Wednesday, April 13, 2011

Cooking with Grandma

I did not get to know my grandmother very well. She always seemed more like a monument to appreciate than a person to interact with. It wasn't until I met Husband that I actually began to spend time with her, and started to build a relationship with her. The disconnect is partially because of my insecurity and fear, and partially because of my mother.

When she passed last year, my mom and her siblings asked all of us grandkids what we wanted. Honestly, it's a horrific process to pick through someone's belongings and decide what you want. As if these material goods really have a piece of her in them. It makes one feel like a vulture picking at the remains, scavenging for a tasty morsel. I'm still embarrassed that my older sister and I actually looked through things to choose, and that I actually wanted something of hers. My rationalization is that the items I wanted are of no monetary value.

Most of my memories with Grandma were playing go-fish at the breakfast bar and hanging out in the kitchen. The main high points of her kitchen were the avocado green 70's era cookie jar filled with Archway molasses cookies and the awesome mix of cereal she always kept in the cupboards above the stove. Beyond that however, were a few little items that I believed were iconic and necessary for a good mother's kitchen: brightly colored Pyrex mixing bowls, aluminum loaf pans and the Boonton melamine cereal bowls that we ate cereal out of, and Granddad had his ice cream and peaches in every afternoon.

It may sound nuts, I admit it, but anything Husband and I make using Grandma's items, always turn out. The homemade bread, lemon pound cake, meatloaf, etc., salsa and salads we make in the colored Pyrex bowls, all turn out delicious. It makes me feel like she's here with me when I use the items from her kitchen. Even though we never cooked together, and it took me until my late 20s to really spend time with her, her presence is absolutely with me in the kitchen.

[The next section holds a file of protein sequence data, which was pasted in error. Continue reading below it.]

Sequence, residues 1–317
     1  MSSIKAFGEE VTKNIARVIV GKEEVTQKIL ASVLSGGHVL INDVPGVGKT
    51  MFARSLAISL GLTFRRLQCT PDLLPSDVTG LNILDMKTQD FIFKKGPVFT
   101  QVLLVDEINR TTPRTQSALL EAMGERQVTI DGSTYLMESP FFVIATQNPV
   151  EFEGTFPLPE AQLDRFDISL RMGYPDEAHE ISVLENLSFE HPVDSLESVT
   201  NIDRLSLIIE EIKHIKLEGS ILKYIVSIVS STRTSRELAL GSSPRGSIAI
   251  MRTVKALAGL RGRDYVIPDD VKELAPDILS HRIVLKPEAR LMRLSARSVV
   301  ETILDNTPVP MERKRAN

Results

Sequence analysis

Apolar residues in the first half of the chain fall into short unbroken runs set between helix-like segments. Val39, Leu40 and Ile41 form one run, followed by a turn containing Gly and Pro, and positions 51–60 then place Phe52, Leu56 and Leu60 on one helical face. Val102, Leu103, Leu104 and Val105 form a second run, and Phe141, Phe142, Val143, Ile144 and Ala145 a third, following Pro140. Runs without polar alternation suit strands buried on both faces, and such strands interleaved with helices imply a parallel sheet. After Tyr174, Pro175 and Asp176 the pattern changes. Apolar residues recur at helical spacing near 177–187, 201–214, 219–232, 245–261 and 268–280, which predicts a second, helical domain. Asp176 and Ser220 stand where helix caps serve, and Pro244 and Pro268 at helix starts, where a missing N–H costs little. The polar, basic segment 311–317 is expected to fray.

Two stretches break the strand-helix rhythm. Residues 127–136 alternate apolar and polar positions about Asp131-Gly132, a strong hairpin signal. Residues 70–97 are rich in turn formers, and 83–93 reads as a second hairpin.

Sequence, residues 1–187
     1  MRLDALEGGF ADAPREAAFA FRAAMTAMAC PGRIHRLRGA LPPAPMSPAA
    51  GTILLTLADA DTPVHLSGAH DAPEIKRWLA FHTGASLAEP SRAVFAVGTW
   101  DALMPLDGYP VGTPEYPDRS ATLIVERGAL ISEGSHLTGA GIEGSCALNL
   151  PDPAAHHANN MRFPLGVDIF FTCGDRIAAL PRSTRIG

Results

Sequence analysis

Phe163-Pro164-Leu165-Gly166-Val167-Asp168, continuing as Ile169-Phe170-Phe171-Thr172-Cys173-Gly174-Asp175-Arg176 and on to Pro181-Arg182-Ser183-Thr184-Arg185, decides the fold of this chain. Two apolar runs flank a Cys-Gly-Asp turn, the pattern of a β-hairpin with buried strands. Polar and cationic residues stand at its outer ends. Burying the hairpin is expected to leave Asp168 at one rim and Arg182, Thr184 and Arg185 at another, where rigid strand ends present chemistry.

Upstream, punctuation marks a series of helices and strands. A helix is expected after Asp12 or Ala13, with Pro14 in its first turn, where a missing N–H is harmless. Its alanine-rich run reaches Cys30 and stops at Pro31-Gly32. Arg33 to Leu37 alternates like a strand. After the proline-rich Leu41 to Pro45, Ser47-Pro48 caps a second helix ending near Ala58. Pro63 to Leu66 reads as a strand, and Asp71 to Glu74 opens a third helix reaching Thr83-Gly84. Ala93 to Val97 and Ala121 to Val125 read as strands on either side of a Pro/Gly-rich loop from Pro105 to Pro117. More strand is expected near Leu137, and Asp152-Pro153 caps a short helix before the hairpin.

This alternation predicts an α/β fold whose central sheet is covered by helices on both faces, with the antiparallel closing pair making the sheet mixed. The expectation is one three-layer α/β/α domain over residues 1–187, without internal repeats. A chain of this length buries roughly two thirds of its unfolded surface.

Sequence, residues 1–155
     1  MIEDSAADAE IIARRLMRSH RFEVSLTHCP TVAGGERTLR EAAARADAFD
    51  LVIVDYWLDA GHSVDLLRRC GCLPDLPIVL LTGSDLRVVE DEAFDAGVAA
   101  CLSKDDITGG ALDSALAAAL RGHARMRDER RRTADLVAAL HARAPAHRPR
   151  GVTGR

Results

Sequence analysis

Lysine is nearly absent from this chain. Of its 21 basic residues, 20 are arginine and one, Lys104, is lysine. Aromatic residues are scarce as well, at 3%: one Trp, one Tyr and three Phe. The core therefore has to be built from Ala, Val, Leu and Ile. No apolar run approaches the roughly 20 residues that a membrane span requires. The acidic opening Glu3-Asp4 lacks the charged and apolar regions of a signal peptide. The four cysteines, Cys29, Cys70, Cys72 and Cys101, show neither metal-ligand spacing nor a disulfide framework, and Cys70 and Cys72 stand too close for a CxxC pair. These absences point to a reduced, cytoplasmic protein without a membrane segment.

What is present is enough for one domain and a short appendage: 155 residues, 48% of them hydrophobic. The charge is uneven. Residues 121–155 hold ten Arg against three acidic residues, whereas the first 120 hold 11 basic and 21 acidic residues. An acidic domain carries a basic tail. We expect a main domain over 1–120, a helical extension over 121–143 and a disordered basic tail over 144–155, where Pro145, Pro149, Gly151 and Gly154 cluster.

My Grandmother was nothing like I thought she was. Due to my mother's own insecurities and regrets, she unknowingly prevented my younger sister and I from forming any real attachment to Grandma. Whenever Grandma and Granddad would visit, which in my memory was only twice, Mom would be in a tizzy for days cleaning her already clean and tidy home, fussing and claiming that everything had to be just right for Grandma. Not only that, but there were alot of events that happened in our immediate family that we were told to keep secret, be sure Grandma and Granddad never learned of what happened. "Don't tell them I smoke" she said. "Don't tell them I bought a new car", or that "your stepdad left." In mom's actions she made us feel that nothing was good enough for Grandma, that Grandma was a judgmental and critical woman. It's the kind of impression that sticks with a young girl, and as I grew up and made enormous mistakes of my own, I assumed Grandma was judging me. It took me too long to realize that Grandma was never judgmental, and she loved all of us. She was in pain when we suffered, when we faltered. She was straight forward, honest, had an amazing sense of humor, but was very loving. Even though they claim wisdom comes with age, my resentment and bitterness grows as I discover more truth about life. Shameful as it is, I am still blaming my mother for my lack of a relationship with my Grandmother. No, it's not her fault that I didn't have a close relationship with Grandma, but it's her behavior around Grandma that prevented me from being comfortable with her.

Through cooking with Grandma's bowls and bakeware, I feel like I'm building a relationship with her, repairing all the crap my mom and I built up with Grandma over the years. This way I get to share a pure and honest experience with the memory of my grandma, the woman she really was.

On a related note, a woman at work has a tattoo on her foot- it is a flower with "Gram" scrolled above. It is her memorial for her grandmother. She was telling me how close she was with her grandmother, they communicated on a daily basis, etc. It really touched me. I want to be that kind of grandmother-the kind that is a friend and honored, respected matriarch. A grandmother that is close with her grandkids, who has a warm, welcoming home and heart, but who is strong and respected. What a wonderful role to have, and to me, is the very definition of success.

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